Rejection is probably the best thing that ever happened to you.

Or, how to discover your inner resilience.

image by emeraldschell

I don’t think I know a single person who has not been rejected at some point in their life. Rejection sucks, everyone knows it. It stings and makes you question everything about everything. It’s pretty darn near impossible not to take it personally, at first anyway.

I’ve faced a respectable amount of rejection in my life, and I won’t lie, I’ve sent a fair share of rejection in the opposite direction as well.

Below is a brief overview of some of my favorite rejection moments:

  • I have been laid off three times, once with only a few days of severance.
  • I was “let go” over the phone before an all-day client meeting.
  • I’ve been dumped four times, once within a few months of moving across country for that person.
  • I haven't gotten the job more times than I can count.
  • I didn’t get selected for the thing (whatever that thing was).
  • I am sure I was picked last for kickball a handful of times.
  • …and probably a million other horrible, awkward moments of my life.

My response to all that rejection?

Rejection is probably the best thing that ever happened to me.

Here’s why:

Rejection shows you what you are made of.

I remember the amount of tears I cried after one particularly bad breakup. I looked at my reflection in the mirror and said to myself, “I am dead, I no longer exist.”

Pretty dramatic, no? There were no other words to sum up how I felt. But, look! I’m still here! I survived. That breakup forced me to rely on friends for support, and dig deep inside myself for solace. It eventually led me to discover yoga, a practice which has transformed me as a person inside and out. Yoga taught me the importance of being gentle and loving towards myself, all while helping me develop profound inner power.

When things fall apart, you will learn how strong you really are.

Rejection shines a light on the things in your life that you need to let go of.

Getting fired over the phone is honestly one of my favorite rejection stories. It sounds sensational, scandalous even. Whenever I meet someone that was also fired over the phone, we bond immediately (there is a surprising number of us).

I could say a lot about what a shitty move that was, but what’s the point? I was living in denial of the truth. I was miserable at that job and they probably knew it. I didn’t want to let it go because it was safe, easy, and comfortable (sometimes these are bad words!). Things got uncomfortable really quick once the rug got pulled out from under me, but it was the shot in the arm that I needed. It set in motion a chapter of massive personal growth, and more letting go than I have ever done in my life.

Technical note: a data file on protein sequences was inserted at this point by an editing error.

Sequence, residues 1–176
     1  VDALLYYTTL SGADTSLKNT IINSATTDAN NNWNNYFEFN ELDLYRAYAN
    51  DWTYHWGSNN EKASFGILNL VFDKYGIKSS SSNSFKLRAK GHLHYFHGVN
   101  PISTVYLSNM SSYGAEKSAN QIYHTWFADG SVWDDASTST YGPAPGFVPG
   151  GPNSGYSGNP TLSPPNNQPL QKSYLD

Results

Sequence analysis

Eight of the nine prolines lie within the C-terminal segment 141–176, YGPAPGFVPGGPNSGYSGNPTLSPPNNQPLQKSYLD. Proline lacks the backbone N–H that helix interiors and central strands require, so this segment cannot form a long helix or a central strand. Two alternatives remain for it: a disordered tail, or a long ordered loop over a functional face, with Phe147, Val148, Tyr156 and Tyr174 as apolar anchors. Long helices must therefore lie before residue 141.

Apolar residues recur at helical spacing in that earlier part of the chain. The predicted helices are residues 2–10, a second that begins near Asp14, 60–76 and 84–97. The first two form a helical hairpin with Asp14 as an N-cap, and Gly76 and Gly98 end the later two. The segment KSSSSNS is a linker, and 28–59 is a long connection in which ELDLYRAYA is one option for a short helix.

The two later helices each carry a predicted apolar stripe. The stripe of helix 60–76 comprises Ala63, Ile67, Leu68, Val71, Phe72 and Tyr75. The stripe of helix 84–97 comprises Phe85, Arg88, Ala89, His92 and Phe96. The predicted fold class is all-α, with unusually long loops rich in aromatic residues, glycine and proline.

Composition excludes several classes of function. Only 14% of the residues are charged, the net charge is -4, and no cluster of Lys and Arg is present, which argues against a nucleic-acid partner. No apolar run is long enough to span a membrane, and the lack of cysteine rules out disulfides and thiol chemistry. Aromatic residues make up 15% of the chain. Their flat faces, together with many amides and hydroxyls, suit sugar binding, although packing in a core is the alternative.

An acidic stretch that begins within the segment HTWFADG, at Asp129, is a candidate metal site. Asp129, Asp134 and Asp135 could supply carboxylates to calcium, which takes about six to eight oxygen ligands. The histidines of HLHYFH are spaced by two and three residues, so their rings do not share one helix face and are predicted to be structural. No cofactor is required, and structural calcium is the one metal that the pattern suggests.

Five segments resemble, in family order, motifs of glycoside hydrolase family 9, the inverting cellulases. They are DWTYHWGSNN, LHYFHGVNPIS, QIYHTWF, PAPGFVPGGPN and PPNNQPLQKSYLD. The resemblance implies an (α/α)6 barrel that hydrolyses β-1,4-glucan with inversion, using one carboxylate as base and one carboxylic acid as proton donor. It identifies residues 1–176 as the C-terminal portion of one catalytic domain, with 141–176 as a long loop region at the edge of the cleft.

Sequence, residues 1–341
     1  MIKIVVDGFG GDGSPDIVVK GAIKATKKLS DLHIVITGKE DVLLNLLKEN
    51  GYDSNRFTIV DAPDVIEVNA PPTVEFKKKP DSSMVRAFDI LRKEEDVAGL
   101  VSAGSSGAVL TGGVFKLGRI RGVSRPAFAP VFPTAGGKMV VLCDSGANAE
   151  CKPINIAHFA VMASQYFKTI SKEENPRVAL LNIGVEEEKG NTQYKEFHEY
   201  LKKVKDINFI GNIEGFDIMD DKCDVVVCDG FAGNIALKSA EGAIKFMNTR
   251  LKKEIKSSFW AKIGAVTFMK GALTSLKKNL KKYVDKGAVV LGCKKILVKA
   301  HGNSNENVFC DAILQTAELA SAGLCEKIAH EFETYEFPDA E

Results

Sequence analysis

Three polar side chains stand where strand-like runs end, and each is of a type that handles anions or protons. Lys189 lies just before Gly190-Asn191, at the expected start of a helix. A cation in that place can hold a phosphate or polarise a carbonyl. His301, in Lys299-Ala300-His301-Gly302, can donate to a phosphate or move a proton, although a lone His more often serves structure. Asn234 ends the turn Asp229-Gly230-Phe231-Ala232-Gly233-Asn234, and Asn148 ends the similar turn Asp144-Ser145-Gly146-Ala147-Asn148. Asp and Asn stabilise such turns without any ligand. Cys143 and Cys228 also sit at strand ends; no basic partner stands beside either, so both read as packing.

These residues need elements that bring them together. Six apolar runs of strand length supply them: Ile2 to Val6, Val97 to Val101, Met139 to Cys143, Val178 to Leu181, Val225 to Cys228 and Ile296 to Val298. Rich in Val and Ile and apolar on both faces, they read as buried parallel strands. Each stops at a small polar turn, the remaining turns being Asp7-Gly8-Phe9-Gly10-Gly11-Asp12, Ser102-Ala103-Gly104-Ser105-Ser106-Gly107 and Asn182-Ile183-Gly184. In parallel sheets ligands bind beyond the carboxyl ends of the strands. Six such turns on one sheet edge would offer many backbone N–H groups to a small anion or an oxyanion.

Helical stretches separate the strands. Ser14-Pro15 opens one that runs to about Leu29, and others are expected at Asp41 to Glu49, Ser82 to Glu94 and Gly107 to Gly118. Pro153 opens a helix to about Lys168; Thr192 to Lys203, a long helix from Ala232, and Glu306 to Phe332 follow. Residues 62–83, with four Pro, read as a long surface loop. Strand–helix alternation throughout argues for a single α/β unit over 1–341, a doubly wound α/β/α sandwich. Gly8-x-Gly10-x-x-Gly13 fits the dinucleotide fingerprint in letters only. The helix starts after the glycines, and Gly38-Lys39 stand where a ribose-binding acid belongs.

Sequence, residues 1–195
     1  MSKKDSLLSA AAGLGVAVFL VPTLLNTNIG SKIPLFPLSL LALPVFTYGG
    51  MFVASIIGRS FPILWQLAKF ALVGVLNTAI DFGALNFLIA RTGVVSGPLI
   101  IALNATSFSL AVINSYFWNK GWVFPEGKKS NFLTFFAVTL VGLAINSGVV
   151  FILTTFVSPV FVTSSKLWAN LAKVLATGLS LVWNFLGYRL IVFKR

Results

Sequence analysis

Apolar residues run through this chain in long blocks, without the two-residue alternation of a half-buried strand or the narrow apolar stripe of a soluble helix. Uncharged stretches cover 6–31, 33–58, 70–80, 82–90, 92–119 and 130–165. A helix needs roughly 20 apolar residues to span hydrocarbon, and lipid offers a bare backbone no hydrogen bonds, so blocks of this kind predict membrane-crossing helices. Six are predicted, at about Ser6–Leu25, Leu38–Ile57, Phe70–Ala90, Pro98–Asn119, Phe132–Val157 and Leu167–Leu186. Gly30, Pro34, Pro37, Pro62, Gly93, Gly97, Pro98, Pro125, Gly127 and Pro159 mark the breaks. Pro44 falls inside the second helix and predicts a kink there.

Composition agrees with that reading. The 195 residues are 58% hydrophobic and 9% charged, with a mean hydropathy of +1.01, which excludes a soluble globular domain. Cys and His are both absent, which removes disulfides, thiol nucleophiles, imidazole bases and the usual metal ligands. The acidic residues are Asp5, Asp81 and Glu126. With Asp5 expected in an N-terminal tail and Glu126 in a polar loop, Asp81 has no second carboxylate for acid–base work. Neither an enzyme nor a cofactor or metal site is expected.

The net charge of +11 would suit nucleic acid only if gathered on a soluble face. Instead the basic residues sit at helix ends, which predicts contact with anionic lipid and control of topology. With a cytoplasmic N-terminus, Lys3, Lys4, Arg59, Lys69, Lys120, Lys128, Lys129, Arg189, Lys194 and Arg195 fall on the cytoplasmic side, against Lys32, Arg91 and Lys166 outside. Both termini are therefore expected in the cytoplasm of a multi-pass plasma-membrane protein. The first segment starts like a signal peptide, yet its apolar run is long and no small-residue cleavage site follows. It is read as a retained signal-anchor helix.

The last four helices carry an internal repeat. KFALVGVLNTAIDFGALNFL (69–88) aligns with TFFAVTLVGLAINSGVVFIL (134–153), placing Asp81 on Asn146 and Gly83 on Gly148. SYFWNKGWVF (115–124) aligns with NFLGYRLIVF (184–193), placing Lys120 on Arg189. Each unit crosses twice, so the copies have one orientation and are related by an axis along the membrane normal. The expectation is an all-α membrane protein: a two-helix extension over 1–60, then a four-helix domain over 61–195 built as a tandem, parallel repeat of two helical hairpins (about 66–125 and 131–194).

The more it hurts, the more you are freeing yourself of burdens that are weighing you down.

Rejection empties you out, and leaves you with your true essence.

When I think about my biggest rejections in life — relationships, jobs, creative pursuits — I think about the massive amount of tears I have shed, and I become grateful. A good cry is like letting a river of clarity wash over you, rinsing away the soul-deafening detritus of life. All that is left is the purest essence of your being.

You know that feeling when you just can’t cry anymore? You’ve hit the bottom of the well at that point. The only way out is up. Finally. You get to go up again, unfettered and unencumbered, with free will.

An emotional purge reveals something beautiful within you.

Rejection sets revelations in motion.

That bad breakup I mentioned earlier? About a dozen years later, friendship still intact, we went on a road trip and talked for days about all the rejections that we’ve been through, including the one we shared. We laughed, we reflected, we stared off into the landscape and pondered life’s big questions.

That rejection, like so many others in the rearview mirror, ended up becoming a sacred gift. A gift of witnessing my own transformation, and of seeing my innate ability to recover and evolve.

Recognizing resilience within yourself gives you strength. It reminds you that life is a series of messy stumbles, followed by a series of uplifting moments. You learn that it will almost always turn out ok. You will survive.

Discovering your own resilience is a revelation in itself.


If you’re in the midst of rejection right now, I hope some of these thoughts help you out. There is that old saying, “This too shall pass.” It’s true. Everything comes to an end, and everything begins again.

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